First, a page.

Yes, I understand this but let me rephrase the question:  Is it possible to have access to the un-encrypted data within SecureWeb ?  This is what management is really concern about...  even if, as an admin,  i could do much worse on the PC side, mail side, etc...

                          What do you mean by "within SecureWeb"?    Do you mean within the http GUI interface to the Secure Web Gatgeways? 

                           

                          No, not directly as in "click here to see Zeke's unencrypted SSL traffic to his bank!"  That functionality is available in network DLP gear though.   (if you're inspecting that category on the web gateway and sending it over to DLP gear that is).         I'm not actually sure myself what the "take a peek at things" recipe would be for an environment that doesn't already have network DLP installed, and even for them, typically only POSTed info gets sent decrypted, sent over ICAP to the DLP gear.   But I'm reasonably sure an administrator (or any manufacturer's ssl inspecting web appliance)  could cobble it together, because at the end of the day, if that capability isn't there somewhere, somehow, there are problems that one simply couldn't debug any other way if such hooks weren't available.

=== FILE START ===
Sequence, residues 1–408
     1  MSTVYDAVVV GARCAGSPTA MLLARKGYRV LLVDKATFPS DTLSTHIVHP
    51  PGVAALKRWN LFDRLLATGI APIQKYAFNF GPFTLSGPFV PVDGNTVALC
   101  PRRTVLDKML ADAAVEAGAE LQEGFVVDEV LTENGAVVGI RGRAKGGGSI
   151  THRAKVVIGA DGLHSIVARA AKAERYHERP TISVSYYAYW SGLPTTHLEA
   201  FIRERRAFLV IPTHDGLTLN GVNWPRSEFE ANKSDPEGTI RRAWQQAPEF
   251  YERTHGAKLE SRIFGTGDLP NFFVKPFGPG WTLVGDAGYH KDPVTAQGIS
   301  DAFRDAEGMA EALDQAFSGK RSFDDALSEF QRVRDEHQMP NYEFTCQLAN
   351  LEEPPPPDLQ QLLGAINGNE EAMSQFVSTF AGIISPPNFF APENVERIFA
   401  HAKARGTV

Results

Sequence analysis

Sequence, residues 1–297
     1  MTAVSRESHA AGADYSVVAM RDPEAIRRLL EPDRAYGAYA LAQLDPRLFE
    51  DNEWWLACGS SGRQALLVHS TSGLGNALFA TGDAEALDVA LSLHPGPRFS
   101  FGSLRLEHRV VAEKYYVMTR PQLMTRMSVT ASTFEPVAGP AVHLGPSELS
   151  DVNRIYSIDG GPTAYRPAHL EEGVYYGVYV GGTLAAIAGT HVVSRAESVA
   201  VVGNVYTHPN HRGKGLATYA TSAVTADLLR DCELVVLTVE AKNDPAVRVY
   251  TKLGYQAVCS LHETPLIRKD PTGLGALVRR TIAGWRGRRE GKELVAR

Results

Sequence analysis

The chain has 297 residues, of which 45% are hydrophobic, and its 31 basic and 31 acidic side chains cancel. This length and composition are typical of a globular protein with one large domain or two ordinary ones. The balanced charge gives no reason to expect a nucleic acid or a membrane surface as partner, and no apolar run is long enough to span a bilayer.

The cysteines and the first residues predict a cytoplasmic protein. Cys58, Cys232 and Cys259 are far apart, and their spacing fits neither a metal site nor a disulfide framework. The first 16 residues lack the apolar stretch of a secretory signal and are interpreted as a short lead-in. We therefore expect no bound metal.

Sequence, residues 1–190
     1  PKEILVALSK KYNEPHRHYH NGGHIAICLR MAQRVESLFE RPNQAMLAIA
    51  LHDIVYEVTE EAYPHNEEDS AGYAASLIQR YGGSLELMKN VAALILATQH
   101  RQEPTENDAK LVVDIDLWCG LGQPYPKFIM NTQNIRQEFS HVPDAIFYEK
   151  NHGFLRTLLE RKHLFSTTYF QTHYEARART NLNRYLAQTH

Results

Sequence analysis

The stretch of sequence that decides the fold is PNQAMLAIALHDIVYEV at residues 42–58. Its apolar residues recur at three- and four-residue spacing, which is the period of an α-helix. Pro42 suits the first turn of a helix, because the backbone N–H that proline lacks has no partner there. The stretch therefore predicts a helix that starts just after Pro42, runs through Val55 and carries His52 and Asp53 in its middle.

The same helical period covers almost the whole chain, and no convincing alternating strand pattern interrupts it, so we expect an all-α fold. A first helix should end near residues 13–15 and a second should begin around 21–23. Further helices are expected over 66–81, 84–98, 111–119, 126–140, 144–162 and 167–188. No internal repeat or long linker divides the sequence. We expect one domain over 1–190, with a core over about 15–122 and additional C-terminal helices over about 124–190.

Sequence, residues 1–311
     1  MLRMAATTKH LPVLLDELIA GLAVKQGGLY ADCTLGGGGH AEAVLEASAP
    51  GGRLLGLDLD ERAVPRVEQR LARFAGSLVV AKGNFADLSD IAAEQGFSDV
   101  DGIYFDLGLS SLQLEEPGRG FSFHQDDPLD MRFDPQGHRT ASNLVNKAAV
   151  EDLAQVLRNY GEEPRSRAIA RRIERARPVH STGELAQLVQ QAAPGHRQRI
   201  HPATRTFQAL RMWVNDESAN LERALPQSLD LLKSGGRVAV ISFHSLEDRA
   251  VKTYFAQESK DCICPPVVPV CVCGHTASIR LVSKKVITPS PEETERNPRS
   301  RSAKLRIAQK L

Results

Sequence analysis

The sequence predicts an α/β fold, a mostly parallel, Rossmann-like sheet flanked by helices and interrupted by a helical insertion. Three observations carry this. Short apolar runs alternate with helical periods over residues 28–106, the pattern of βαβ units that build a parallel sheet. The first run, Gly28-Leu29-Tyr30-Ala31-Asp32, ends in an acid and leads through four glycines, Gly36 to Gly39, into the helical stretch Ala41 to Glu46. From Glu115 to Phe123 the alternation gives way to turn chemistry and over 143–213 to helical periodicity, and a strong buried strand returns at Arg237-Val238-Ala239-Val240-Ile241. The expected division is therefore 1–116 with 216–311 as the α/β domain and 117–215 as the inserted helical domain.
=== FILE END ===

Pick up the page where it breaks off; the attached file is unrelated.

on 9/12/13 5:26:05 PM CDT